Screens are an ever-growing part of our kids’ lives, and it’s easy to wonder if they’re spending too much time in front of a screen. Monitoring your kids’ screen time is important for two reasons. First, it can hinder development by interrupting hands-on play and parent-child bonding. Second, screens contain blue light, which research now shows can interfere with sleep and eye health.
While screen time is perfectly fine in limited amounts, we also want to support our kids' healthy development.
Limit Screen Time for Developmental Milestones
Experts recommend one hour a day for kids two to five years old, but are no longer specifying a specific length for six and older. This is partially due to advancements in technology. It’s no longer just the TV; from smartphones to tablets to cars, screens are everywhere.
The more screen time they have, the less time they’ll spend developing fine motor skills and exploring the world. Throwing a ball is more than just throwing a ball. They’re discovering how it moves when they hit it, and how to make it go in the direction they want.
Playing games helps kids learn about taking turns, cause and effect, and sharing while also helping you bond as a family. This includes board games like Candy Land, card games like Go Fish, or playing a family game of t-ball in the backyard. Use your judgment and your family’s needs to set the time length. And remember, this may vary by day.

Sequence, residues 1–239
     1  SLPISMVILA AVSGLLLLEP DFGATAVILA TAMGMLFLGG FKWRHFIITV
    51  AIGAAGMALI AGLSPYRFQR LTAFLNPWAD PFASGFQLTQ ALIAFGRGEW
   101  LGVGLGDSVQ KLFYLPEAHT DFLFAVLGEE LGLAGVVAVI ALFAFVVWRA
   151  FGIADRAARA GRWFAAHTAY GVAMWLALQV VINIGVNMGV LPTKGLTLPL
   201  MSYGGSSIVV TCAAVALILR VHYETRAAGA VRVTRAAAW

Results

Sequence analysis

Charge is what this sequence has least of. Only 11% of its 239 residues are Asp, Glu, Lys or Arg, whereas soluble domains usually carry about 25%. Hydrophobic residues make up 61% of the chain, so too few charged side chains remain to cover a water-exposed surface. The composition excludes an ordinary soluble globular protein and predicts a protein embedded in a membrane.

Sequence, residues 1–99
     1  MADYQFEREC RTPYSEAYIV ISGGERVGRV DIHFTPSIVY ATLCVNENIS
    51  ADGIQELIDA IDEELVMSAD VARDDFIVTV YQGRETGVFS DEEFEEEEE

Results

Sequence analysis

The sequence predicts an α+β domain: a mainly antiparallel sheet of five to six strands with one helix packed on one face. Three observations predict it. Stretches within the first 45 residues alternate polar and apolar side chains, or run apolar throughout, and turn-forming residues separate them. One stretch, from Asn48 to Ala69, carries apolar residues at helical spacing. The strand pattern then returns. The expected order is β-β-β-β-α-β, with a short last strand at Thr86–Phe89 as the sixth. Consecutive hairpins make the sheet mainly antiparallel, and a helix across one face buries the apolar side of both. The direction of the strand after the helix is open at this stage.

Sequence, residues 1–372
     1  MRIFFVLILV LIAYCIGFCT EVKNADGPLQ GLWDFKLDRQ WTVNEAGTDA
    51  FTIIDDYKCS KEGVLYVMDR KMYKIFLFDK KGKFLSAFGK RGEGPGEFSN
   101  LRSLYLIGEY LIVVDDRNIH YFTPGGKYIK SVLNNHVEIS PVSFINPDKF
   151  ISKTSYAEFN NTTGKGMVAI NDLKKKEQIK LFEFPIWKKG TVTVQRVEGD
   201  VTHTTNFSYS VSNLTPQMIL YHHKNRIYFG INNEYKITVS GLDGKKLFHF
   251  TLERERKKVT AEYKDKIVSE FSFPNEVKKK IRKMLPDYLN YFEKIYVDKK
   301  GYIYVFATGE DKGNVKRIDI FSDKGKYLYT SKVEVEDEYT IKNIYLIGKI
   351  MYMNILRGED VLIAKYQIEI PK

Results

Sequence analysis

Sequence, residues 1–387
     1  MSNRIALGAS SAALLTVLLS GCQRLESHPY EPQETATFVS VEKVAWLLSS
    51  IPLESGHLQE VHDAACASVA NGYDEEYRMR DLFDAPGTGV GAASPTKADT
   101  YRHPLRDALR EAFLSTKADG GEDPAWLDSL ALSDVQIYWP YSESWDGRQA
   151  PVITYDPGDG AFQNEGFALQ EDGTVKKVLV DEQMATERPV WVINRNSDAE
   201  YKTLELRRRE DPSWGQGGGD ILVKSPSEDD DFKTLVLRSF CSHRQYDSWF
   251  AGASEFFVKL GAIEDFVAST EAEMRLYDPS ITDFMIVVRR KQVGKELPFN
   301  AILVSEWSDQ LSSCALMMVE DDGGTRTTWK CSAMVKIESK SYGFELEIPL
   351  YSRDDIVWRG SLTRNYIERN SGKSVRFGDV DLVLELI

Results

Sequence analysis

The most important thing is that you’re encouraging your kids to enjoy hands-on learning.
Limit Screen Time for Eye Health
Screens emit blue light, which is now known to interrupt sleep and impact eye health. Limiting screen time at night is particularly important to minimize the impact on your kids’ developing eyes.
This is important for young eyes that haven’t developed the protective pigments that filter out blue light. Their eyes are still maturing, and we want to prepare them for a lifetime of great eyesight!
Blue light also suppresses melatonin production, which helps regulate our circadian rhythms. Extended lack of sleep can lead to health concerns like weight gain and behavioral issues, which is why proper sleep is so important.
Long-term effects of blue light exposure include retinal stress, which could lead to early onset macular degeneration. (This affects adults, too.)
Protecting Your Kids’ Eyes from Blue Light
Limiting your kids’ screen time may not be easy, but it’s an important step in protecting their health. Reducing overall screen time, especially in the hour before bed, can help protect their maturing eyes. You may also consider blue light-filtering glasses when your child is looking at a screen. Perfect for family movie nights, these glasses help reduce eye strain and support healthy melatonin production.
Another way to support your kids’ eye health is by supplementing with lutein and zeaxanthin, two carotenoids found in the eye. Bilberry fruit supports long-term eye health, and contains anthocyanosides, which are shown to support retina health.*
We believe that our kids have a bright-eyed future, and that healthy habits, guided learning, and nutrition will give it to them. Let’s support their magical view of the world and give them the head start they need. For more information on screen time, head over to the second episode of the Dr. Sears Family Podcast.
* These statements have not been reviewed by the Food & Drug Administration.